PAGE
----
I am a stepmother to one boy and one girl. I have been in their lives since they were about 8 years old. I have first-hand "real life" experience with 'baby mama drama' and strains in marriage due to the complications and challenge that being a new stepmother presented. Bio: Inspired and motivated by her experiences as both a stepdaughter and stepmother of two children, Dr. Carey founded the Triangle Stepfamily Institute and is committed to empowering stepfamilies. She has first-hand experience both personally and professionally, with the difficulties people may experience when adjusting to stepfamily life. Dr. Carey believes that with the right support, and armed with knowledge, living harmoniously within a stepfamily is possible. She has dedicated countless hours to understanding the delicate functioning of the stepfamily and has produced several articles related to stepfamily relationships and functioning. Dr. Carey has studied with research pioneers and clinical leaders in the field of stepfamily life. She has also conducted independent research about stepfamilies with a focus on the concerns of the stepmother. She has also earned certification as a stepfamily counselor. Dr. Carey has also earned seven specialty certifications. Dr. Carey’s specialty certifications include being a nationally certified professional counselor, an accredited clinical supervisor, a credentialed distance counselor, board certified health services professional, school guidance counselor, Child and Adolescent Mental Health, and a certified stepfamily counselor. For more information on services, or to request Dr. Carey for counseling, interviews, or speaking opportunities, please contact her through her web site, or by calling 919-454-7857.

National Association of Professional Women American Counseling Association Licensed Professional Counselors Association of North Carolina

Publications, expert author

Oakland University, Rochester, MI Ph.D. in Counselor Education 2009 Dissertation: “The Experience of the African American Stepmother: An Exploratory Investigation ” Honors: Dissertation nominated for 2010 Outstanding Humanistic Dissertation Award Cognate Concentrations: Child and Adolescent Mental Health & School Guidance Counseling Major Advisor: Robert Fink, PhD Madonna University, Livonia, MI M.S. in Clinical Psychology 2002 Madonna University, Livonia, MI B.S. Psychology 2000 Cartified Stepfamily Counselor, Stepfamily Foundation, 2011 • Licensed Professional Counselor, State of North Carolina, (6893) • National Certified Counselor, NBCC, (234907) • Credentialed Distance Counselor, CCE, (966) • Approved Clinical Supervisor, CCE, (ACS01058) • Board Certified Health Services Professional, CCE, (1472) • Licensed Clinical Addictions Specialist- Provisional- State of North Carolina • Licensed Bachelor of Social Work, State of Michigan, (6802084095) • Limited Licensed Psychologist, State of Michigan, (6301012018) • Social Worker Registration, State of Michigan, (6803075415) • School Counselor license (K-12), State of Michigan, (SC000554) • School Counselor license (K-12), State of North Carolina, (XXXXX2200)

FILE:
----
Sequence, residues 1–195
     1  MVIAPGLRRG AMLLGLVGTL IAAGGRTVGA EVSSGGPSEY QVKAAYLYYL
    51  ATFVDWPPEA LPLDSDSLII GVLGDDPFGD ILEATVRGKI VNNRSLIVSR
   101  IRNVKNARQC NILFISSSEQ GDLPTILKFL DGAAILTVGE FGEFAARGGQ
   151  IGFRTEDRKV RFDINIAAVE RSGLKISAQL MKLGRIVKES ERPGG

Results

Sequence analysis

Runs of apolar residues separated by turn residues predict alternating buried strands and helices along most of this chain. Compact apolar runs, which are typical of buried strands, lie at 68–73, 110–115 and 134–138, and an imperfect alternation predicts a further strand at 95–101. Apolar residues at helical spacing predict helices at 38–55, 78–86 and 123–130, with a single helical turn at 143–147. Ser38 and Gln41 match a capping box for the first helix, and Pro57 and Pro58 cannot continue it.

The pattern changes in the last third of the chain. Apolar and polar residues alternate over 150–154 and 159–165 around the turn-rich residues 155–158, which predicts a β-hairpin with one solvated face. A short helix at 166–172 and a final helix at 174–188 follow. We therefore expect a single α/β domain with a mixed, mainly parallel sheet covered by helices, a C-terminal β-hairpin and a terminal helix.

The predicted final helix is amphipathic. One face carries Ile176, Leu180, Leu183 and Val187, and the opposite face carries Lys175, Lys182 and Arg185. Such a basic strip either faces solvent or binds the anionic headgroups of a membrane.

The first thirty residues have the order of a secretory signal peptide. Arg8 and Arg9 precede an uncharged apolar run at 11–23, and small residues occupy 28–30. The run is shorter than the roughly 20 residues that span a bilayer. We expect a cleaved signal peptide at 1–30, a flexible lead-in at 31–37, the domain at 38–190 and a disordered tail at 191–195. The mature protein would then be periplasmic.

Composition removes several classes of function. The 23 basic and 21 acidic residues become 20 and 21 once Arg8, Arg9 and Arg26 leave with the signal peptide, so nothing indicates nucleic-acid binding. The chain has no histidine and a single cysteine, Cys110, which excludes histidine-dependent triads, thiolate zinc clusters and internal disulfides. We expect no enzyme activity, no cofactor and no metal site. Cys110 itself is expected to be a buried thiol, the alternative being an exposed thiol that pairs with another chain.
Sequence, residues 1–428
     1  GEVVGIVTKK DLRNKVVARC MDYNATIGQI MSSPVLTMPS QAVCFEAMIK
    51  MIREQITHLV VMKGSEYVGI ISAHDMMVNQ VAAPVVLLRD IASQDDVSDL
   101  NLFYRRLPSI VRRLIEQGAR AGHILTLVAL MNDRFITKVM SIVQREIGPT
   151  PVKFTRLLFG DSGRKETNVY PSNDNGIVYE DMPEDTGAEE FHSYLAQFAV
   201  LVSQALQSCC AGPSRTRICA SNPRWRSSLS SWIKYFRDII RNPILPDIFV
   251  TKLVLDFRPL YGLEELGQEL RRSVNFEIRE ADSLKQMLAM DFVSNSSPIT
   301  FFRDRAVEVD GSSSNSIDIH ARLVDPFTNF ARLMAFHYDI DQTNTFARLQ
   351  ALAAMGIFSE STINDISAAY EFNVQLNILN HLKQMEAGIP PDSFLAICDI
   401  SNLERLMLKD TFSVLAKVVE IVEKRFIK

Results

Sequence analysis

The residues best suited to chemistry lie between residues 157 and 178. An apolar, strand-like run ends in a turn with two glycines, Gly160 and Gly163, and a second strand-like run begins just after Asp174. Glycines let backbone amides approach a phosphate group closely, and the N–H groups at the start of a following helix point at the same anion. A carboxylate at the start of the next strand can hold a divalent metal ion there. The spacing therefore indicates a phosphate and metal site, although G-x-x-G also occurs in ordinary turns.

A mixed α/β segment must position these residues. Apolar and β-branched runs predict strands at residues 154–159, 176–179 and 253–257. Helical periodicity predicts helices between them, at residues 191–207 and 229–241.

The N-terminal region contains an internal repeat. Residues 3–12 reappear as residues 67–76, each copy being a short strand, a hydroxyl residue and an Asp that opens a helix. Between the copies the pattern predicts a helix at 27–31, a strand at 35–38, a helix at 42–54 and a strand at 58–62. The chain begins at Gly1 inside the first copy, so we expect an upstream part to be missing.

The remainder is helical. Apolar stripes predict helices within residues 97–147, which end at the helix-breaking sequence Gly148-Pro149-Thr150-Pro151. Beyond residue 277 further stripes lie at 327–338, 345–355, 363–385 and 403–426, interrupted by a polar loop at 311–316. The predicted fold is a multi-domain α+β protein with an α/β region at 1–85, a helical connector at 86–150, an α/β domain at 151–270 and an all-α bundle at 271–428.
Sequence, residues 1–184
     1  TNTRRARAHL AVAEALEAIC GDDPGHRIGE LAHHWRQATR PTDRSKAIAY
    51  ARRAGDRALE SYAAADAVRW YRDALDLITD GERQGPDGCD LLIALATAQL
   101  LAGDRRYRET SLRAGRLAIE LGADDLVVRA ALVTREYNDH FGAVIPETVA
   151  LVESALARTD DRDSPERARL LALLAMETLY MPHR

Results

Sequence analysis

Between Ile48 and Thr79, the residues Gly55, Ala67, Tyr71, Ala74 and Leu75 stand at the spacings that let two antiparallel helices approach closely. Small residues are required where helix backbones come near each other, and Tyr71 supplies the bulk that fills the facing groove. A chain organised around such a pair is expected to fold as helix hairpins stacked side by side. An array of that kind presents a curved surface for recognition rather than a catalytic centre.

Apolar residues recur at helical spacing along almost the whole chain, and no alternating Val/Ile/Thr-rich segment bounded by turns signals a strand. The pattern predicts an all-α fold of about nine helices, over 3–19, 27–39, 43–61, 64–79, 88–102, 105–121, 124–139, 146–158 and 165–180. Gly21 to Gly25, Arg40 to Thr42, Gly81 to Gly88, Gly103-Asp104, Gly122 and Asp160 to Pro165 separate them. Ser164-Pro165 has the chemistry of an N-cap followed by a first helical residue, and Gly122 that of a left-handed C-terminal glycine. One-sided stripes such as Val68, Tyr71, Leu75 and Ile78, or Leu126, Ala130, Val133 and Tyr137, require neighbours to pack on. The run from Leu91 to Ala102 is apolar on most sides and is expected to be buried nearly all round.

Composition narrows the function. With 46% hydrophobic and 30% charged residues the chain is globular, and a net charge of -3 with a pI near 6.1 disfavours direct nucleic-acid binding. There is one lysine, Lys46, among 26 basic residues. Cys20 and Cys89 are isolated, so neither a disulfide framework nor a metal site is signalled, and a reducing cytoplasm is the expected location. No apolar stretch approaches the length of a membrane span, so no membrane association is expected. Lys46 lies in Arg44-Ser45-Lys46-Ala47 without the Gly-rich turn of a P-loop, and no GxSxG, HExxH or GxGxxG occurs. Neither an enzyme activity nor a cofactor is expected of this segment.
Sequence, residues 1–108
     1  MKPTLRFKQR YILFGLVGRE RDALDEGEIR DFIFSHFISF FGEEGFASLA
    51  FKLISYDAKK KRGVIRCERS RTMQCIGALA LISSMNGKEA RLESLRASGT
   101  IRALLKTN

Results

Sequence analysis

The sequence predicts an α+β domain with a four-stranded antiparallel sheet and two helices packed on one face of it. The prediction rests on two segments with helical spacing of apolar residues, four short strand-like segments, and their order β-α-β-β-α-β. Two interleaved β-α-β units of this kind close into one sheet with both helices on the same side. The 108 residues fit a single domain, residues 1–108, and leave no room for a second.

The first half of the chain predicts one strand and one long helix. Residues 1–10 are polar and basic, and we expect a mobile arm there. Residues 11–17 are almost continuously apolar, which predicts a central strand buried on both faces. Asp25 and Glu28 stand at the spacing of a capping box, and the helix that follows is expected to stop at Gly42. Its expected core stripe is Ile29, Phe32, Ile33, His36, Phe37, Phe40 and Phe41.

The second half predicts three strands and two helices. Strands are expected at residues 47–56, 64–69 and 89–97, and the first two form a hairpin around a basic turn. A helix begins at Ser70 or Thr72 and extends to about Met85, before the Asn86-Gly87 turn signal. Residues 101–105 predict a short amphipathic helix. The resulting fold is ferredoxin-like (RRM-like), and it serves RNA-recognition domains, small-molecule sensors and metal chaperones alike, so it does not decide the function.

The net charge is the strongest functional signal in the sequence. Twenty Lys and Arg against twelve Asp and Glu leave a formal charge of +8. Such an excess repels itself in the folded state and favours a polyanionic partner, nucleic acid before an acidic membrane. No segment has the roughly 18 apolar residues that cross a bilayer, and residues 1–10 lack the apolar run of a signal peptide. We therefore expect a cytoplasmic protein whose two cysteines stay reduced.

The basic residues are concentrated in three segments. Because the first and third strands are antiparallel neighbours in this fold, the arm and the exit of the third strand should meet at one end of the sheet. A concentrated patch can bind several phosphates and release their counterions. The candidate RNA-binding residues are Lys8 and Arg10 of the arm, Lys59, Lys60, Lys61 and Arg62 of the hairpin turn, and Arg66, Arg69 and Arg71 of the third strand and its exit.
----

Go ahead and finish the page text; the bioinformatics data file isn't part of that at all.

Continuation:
Awards and Honors
•Kappa Gamma Pi, National Catholic College Honor Society, inducted 2000 •Chi Sigma Iota, Counseling Academic and Professional Honor Society International, inducted 2005 •Robert Brown Memorial Fund Scholarship, 2005

Past/Present Clients
Step family members, children, adults, teens